The lid has been opened for craft beer lovers in Saskatchewan to have more options to fill up their growlers.
The provincial government is now making it possible for off-sales, franchises, private stores and some Saskatchewan Liquor and Gaming Authority (SLGA) stores to provide taps for growler filling.
“It’s a great leap forward,” said Rebellion Brewing’s Jamie Singer. “We’re playing catch up right now in a sense. It’s a growing market. It’s very much in its infancy right now but we’re getting there.”
Growlers are essentially bigger glass bottles, sometimes steel, almost like a reuseable jug. They are typically 64 ounces.
Employees with Rebellion have been outspoken in the past about their desire for the province to change certain liquor laws, especially around growlers.
Before, the only places somebody could fill up these so-called jugs were either at microbreweries and brew pubs where the beer was made, along with farmers’ markets.
Singer has seen the demand rise for this kind of beverage vessel.
“The past year-and-a-half that Rebellion’s been open here we’ve sold thousands of growlers just out of our taproom alone,” he insisted.
Those stores that do decide to offer taps will have to include local beer, according to Minister responsible for SLGA Don McMorris. He explained if there are four or fewer taps, at least one Saskatchewan-made beer must be offered. That number jumps to two taps for locally-produced beer if there are more than four taps.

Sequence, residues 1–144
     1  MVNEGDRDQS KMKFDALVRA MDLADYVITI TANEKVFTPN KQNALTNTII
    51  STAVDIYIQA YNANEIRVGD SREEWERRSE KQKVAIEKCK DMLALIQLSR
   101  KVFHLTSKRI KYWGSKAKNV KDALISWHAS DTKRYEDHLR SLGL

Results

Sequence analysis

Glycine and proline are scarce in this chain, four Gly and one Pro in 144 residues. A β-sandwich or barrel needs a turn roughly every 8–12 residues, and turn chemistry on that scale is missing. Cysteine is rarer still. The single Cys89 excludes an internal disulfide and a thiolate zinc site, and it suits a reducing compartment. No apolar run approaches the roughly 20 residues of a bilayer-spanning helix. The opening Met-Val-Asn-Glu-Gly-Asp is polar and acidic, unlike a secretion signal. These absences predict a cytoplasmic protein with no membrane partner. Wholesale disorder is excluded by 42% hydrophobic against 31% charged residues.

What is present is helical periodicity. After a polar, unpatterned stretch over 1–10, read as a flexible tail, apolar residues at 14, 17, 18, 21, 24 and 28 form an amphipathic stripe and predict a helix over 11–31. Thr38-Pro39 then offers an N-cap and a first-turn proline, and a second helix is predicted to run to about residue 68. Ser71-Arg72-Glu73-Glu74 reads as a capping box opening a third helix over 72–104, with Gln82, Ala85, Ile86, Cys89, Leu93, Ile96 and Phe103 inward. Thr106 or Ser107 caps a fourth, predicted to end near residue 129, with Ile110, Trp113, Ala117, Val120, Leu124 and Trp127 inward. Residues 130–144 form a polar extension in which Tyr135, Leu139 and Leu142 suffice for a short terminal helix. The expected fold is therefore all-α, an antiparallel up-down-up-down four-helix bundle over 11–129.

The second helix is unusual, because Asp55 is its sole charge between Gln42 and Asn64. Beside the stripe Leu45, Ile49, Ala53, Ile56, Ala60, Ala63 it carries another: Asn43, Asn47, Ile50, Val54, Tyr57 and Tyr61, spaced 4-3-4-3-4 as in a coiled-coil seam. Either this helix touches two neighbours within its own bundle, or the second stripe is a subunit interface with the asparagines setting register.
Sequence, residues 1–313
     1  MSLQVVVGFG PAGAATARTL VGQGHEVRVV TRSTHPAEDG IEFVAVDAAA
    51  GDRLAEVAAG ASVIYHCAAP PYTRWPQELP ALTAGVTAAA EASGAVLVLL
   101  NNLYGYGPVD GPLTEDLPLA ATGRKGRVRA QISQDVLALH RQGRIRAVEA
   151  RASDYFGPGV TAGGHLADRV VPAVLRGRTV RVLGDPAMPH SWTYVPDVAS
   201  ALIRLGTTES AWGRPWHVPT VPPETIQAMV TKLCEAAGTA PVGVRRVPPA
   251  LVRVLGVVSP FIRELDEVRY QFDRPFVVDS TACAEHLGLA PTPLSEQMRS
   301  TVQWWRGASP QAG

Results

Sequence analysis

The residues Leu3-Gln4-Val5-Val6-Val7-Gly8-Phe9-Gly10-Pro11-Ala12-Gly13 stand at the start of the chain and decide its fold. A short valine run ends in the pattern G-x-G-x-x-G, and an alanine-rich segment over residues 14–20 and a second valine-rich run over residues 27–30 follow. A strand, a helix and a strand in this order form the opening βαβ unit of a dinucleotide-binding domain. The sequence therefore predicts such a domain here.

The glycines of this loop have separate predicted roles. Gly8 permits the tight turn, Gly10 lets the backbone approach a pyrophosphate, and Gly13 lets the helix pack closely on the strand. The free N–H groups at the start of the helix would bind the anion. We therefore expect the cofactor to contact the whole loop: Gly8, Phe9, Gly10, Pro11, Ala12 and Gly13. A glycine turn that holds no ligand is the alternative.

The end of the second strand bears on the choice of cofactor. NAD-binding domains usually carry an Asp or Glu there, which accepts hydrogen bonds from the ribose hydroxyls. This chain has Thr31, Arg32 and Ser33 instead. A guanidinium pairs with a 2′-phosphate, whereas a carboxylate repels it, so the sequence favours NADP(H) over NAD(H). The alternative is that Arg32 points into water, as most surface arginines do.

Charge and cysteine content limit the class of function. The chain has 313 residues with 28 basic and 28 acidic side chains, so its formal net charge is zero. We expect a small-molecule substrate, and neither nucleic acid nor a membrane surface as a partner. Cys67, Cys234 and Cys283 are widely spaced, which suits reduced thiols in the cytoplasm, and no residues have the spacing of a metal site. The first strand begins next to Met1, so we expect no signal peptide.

McMorris said the changes will impact the younger generations based on what he’s experienced.
“Certainly the younger crowd have talked about it and really think it’s a good idea. It makes a lot of sense. Not to say that an old dog like myself couldn’t learn a new trick but it certainly is catering to the younger, I think maybe even a little bit more than my age group.”
McMorris says there are roughly 700 establishments eligible to set up taps. Two SLGA stores–one each in Regina and Saskatoon–will install growler filling stations as a pilot project in the near future.
The opposition NDP’s Deputy Leader Trent Wotherspoon, meantime, thinks all liquor stores in the province should have growler fill stations.
Mainstream beers will not be included as taps for growler fills. The province said the focus is solely on the local craft market.
It gives fans of this type of beer easier access to their favourite selections, according to Singer.
“This represents convenience for our customers, our clients who now can get growler fills of our beer and craft beer in Saskatchewan in general wherever there’s an off-sale, franchise, or private store or public store.”